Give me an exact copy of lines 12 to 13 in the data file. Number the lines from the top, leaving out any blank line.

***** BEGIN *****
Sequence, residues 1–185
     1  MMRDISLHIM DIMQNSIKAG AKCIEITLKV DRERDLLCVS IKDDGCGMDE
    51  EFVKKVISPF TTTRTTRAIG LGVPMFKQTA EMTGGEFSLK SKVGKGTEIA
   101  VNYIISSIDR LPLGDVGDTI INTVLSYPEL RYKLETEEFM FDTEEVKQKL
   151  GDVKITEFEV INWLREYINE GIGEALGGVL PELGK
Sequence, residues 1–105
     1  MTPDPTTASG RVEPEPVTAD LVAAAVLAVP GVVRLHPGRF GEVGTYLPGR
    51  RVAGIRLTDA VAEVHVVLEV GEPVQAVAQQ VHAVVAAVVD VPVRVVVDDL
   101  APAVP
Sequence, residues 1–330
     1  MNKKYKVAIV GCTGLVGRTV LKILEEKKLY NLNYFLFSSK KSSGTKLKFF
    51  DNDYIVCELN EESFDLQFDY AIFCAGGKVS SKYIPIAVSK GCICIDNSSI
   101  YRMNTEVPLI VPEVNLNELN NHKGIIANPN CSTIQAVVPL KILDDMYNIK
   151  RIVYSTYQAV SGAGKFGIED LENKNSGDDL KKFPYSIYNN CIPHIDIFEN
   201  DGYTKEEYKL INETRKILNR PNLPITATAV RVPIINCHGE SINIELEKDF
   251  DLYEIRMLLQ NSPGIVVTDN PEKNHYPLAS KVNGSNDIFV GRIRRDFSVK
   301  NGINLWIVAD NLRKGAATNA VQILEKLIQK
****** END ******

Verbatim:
    51  DNDYIVCELN EESFDLQFDY AIFCAGGKVS SKYIPIAVSK GCICIDNSSI
   101  YRMNTEVPLI VPEVNLNELN NHKGIIANPN CSTIQAVVPL KILDDMYNIK